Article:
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Green Atlas Publication:

Reliability of a commercial platform for estimating flower cluster and fruit number, yield, tree geometry and light interception in apple trees under different rootstocks and row orientations
  • Fast detection of apple flower clusters and fruit is achieved using deep learning.

  • AI algorithms predict flower cluster number, fruit number and yield per tree.

  • LiDAR estimations of canopy size and tree geometry are related to light interception.

  • Prediction errors for fruit number and yield in an apple orchard were < 5%

  • Row directions and rootstocks affect productivity, tree size and light interception.


Modern horticulture is undergoing a rapid change with the introduction of new predictive technologies that help maximise the automation of orchard management practices. This study aimed to calibrate and validate a commercial sensorised mobile platform for the prediction of flower cluster number, fruit number and yield, tree geometry in ‘ANABP-01′ apples. In addition, this work (i) modelled the relationships between tree geometry and light interception, and (ii) determined the effects of light interception, rootstock and row orientation on flower cluster number, crop load, yield and tree geometry. Results showed that predictions were very accurate after initial calibration. Flower cluster detections had an error (RMSE) of ∼ 5 clusters / image. Fruit number and yield predictions needed independent calibration across rootstocks but errors after validation on a separate dataset were small (RMSE = 5 fruit / tree, and RMSE = 1 kg / fruit, for fruit number and yield, respectively). Orchard errors for fruit number and yield estimations were lower than 5 %. Canopy area, canopy density and canopy cross-sectional leaf area (CSLA) were all linearly related with effective area of shade (EAS, integrated daily canopy light interception) but CSLA had the most robust and stable relationship with intercepted light. Increasing CSLA led to higher flower cluster number, fruit number and yield. Row orientations and rootstocks significantly affected productive performance, tree size and geometry and light interception. The orchard heatmaps generated after data validation proved very useful to support orchard management decisions. Overall, the predictive technology demonstrated to be a valid tool to combine accurate estimates of several important fruit crop parameters (i.e. flower cluster number, fruit number, yield, tree size and geometry, and light interception) in a single platform.

Research Publications:

Spatiotemporal water use mapping of a commercial apple orchard using UAS based spectral imagery


Crop water use estimation at high geospatial resolution is critical for site-specific irrigation management of perennial specialty crops. This study aims to map actual evapotranspiration (ETa) of a commercial apple orchard using unmanned aerial system (UAS) based thermal and multispectral imagery and a widely adopted METRIC (Mapping Evapotranspiration at High Resolution with Internalized calibration) energy balance model (UASM). Four imaging campaigns were conducted during the 2020 growth season and weather data for pertinent days was downloaded from the nearest WSU-AgWeatherNet network station. 24-h ET a was also calculated from the soil water balance (SWB) approach that used soil moisture data from sensors installed at three locations and down to depth of 111 cm. A high linear correlation (r) of 0.84 and non-significant difference (p = 0.5) was observed between UASM derived ET a (5.05 ± 0.8 [Mean ± Std. Dev.] mm day -1 ) and SWB calculated ET a (5.44 ± 1.81 mm day -1 ). Notable differences in spatiotemporal water use and crop-coefficients were observed within the orchard. A moderately strong correlation was also observed between the UASM derived crop-coefficients and multispectral imagery derived Normalized Difference Vegetation Index (r = 0.69) that may also be used for estimating actual crop water use. Overall, approach presented in this study may help identify under or over-irrigated areas within the orchard. It may also assist in developing site-specific irrigation prescription maps and schedules.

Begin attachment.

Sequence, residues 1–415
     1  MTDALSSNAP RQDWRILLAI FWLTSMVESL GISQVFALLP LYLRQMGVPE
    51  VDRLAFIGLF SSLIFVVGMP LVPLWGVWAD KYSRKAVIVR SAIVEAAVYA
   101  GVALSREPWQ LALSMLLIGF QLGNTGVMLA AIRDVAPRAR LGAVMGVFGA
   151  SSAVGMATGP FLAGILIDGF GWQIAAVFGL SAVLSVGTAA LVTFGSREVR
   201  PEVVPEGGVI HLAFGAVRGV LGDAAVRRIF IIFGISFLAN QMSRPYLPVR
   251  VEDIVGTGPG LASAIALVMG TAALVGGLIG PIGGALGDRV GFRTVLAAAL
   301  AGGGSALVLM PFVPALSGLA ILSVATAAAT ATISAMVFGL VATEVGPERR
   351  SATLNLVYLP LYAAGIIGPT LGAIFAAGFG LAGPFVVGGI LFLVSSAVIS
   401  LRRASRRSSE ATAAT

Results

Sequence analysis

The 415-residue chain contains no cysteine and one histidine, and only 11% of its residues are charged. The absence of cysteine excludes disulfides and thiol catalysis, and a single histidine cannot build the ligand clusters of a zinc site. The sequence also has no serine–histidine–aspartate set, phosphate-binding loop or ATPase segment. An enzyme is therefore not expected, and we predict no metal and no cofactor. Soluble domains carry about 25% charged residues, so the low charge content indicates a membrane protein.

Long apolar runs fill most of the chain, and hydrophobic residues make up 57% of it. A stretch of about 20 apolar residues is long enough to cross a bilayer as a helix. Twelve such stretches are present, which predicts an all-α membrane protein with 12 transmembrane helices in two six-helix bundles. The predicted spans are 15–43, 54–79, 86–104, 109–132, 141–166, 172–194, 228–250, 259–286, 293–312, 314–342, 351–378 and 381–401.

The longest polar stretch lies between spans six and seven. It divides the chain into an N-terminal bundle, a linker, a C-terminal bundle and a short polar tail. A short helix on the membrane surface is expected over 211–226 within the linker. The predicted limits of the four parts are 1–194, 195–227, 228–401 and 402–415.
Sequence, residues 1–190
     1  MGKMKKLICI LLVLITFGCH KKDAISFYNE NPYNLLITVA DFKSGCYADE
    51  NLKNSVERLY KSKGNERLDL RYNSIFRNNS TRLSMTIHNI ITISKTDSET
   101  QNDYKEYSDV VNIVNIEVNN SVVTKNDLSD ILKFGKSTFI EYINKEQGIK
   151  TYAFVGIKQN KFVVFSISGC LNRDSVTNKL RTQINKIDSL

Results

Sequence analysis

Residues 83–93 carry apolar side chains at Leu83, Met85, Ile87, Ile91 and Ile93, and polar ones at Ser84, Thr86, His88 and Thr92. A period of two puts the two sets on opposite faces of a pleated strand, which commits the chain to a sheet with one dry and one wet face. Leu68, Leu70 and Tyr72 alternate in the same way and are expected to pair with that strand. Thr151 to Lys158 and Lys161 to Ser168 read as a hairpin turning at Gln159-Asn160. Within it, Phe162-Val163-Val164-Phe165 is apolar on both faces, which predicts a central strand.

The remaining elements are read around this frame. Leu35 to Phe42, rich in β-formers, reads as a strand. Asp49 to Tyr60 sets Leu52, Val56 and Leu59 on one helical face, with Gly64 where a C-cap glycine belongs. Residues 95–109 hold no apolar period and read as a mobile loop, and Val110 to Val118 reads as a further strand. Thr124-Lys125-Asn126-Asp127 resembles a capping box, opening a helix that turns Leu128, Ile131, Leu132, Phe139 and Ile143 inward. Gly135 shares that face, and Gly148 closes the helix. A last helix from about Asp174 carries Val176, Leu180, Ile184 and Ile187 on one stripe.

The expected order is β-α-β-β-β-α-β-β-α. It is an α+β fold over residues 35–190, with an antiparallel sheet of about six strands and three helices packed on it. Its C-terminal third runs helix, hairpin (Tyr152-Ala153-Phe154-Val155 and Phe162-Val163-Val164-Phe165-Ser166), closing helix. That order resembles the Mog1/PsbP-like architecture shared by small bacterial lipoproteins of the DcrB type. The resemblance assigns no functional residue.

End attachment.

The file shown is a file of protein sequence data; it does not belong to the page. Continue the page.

High spatiotemporal apple crop water use mapping using drone imagery


Evapotranspiration (ET) is the actual crop water use and its mapping at the tree level could be critical for identifying problem areas in the orchard and site-specific irrigation scheduling and management (Chandel et al., 2021). Conventionally, single point ET is estimated using generalized crop coefficients and weather data (Allen et al., 1998). Other ET estimation tools or approaches include soil water budget, soil moisture, canopy stomatal conductance, and eddy covariance flux measurements. However, those provide limited in-orchard spatial variability (Chandel et al., 2021). Satellite-based imagery with energy balance models can provide geospatial ET maps (Allen et al., 2007). These maps are limited due to spatiotemporal resolution (e.g. ~99 ft/pixel and 16 days for Landsat 7/8 satellites). Cloud cover is an additional challenge that leads to no or poor ET estimation using satellite-based imagery. Drone-based imagery is an alternative to offer on-demand crop ET characterization at high spatial resolution (up to mm/pixel). Such resolution is also useful to assess spatial crop water use variabilities and to focus on trees or specific rows. Therefore, our research team has successfully utilized and validated drone-based multispectral and thermal infrared imagery with the energy balance model for mapping geospatial ET of a modern apple orchard at 2.8 in/pixel.

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